But Killer Eyes won't need a second edition. I'm getting it right the first time. And it's cleaner and cleaner with every read through. I think I'm on my final read through. But I've said that the last three times I've read it through. We'll see. Stay tuned.
Monday, December 8, 2014
But the day will come when my sons move out to go to college, and then, if they're anything like me and my brother and sisters, they'll never move back. That will kill me. But I'll have more time to write books, no?
Don't think so. My wife is the one who is always demanding my time. She's the one who considers my book writing efforts as direct competition for my attention. I swear I give her more attention than I give my books. Had I given my books more attention, they'd all be finished by now. All five of them. And then some.
But whatever. I'll have to remember one thing. It's your family that matters more than anything, not your art, or your music, or your writing. Your wife, your sons, and maybe even your students, if you're a teacher like I am. Writing is great, though. You get to create your own worlds, your own characters, and your own events. Your own antagonists and villains, and even entire races of alien life.
But the latter would be directly tied in to my sci fi story I began writing years ago, and adapted into a graphic novel, that I never finished. I've been thinking of finishing it lately. Boy, would my wife get mad at me then!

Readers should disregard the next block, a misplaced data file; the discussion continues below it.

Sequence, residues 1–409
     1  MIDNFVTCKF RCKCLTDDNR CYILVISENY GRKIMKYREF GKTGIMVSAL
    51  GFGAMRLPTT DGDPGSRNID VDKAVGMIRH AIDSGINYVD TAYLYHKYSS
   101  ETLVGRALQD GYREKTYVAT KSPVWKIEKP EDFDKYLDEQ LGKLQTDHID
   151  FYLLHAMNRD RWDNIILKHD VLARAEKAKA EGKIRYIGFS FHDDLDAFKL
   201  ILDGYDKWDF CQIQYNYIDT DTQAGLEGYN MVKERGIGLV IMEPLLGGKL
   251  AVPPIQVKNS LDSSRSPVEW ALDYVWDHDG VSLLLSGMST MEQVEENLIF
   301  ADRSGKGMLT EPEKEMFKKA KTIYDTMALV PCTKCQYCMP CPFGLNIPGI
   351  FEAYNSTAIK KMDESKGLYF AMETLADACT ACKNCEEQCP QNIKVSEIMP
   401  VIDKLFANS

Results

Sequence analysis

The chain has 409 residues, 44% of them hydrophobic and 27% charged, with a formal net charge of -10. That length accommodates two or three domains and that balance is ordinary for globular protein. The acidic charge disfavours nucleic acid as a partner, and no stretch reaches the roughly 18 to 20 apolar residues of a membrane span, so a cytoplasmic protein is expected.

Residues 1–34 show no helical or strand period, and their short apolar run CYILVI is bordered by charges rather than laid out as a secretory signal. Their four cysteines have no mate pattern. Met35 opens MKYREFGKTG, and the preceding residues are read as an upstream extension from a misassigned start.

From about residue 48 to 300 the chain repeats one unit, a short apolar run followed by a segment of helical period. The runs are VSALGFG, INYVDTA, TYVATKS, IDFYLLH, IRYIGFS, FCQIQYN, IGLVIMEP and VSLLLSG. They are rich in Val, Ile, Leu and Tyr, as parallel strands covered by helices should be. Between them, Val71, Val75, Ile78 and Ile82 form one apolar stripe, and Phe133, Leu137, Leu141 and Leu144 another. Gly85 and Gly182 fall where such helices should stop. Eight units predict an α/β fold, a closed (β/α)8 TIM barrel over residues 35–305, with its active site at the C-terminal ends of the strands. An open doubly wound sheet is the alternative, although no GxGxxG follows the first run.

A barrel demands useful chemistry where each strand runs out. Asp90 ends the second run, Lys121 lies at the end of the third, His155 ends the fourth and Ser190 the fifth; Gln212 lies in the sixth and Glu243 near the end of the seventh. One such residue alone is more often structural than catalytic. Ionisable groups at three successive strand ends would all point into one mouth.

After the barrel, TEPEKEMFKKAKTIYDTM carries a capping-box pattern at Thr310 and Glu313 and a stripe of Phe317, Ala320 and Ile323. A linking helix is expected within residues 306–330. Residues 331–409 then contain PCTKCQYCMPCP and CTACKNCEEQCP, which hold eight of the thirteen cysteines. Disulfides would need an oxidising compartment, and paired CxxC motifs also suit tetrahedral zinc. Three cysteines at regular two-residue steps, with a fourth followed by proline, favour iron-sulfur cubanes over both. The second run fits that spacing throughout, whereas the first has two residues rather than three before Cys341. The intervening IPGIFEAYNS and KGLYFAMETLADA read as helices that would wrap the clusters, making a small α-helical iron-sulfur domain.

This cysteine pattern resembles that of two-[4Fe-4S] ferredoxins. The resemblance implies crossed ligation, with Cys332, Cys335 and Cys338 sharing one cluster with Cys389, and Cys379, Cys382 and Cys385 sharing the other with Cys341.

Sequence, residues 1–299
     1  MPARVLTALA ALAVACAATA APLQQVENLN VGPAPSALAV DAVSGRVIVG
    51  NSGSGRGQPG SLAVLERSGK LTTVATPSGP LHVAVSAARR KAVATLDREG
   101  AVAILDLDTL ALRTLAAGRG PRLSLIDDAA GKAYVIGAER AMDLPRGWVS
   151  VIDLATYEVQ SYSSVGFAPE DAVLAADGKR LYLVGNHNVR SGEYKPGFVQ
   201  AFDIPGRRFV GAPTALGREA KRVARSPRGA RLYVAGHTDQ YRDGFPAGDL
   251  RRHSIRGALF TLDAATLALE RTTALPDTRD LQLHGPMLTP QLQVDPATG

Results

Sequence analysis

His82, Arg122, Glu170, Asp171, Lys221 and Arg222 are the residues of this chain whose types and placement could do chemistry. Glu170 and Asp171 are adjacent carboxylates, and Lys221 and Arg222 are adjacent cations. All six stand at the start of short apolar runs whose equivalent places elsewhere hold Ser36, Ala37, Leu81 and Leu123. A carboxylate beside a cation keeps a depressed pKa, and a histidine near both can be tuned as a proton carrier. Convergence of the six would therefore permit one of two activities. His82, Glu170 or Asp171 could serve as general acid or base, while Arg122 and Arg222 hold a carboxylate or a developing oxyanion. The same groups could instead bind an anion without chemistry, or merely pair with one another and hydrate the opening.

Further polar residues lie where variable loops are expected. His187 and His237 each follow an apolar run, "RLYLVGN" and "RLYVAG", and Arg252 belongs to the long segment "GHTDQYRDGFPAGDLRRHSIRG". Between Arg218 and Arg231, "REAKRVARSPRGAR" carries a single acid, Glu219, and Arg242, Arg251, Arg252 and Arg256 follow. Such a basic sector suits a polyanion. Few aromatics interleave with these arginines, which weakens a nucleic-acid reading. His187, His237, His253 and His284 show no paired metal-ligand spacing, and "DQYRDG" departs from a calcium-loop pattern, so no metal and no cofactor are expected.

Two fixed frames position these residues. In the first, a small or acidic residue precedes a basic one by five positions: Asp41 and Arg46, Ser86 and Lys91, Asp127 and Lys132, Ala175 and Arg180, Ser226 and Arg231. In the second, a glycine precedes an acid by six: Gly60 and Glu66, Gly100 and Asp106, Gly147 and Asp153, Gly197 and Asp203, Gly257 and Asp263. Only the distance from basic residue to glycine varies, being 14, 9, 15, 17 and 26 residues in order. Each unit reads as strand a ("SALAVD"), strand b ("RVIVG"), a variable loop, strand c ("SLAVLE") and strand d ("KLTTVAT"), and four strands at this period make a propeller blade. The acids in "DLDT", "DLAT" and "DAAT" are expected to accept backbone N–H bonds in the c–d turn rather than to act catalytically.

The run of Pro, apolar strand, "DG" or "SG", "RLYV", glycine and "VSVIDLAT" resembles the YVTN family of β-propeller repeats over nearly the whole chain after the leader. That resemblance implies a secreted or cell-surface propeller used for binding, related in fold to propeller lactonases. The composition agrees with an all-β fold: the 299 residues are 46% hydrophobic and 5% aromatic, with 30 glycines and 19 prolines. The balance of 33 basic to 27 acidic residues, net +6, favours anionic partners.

Thursday, December 4, 2014
Wednesday, December 3, 2014
But I've been working on Second Chance at the same time. And it's over 36,000 words right now. I really don't know how many words it will total, but I'm at least half done right now. maybe more than half way done, which means it won't be as long as my other books.
I'm thinking the book might max out at 60,000 words. Maybe not as much as that. But I still think it will qualify as a novel. Even books with 40,000 words qualify as a novel, albeit a short one, but Second Chance will be more than that for sure.
It's fun, because a lot of it is about football, which has been one of my passions throughout my life. It seems like I've had a lot of passions. From art to music, and from writing to football. It's made me a very busy person. I've never been idle. I always want to be doing something. Something creative that is. And writing books has been my latest passion. It's been a great ride. And I'm still on it.
Saturday, November 29, 2014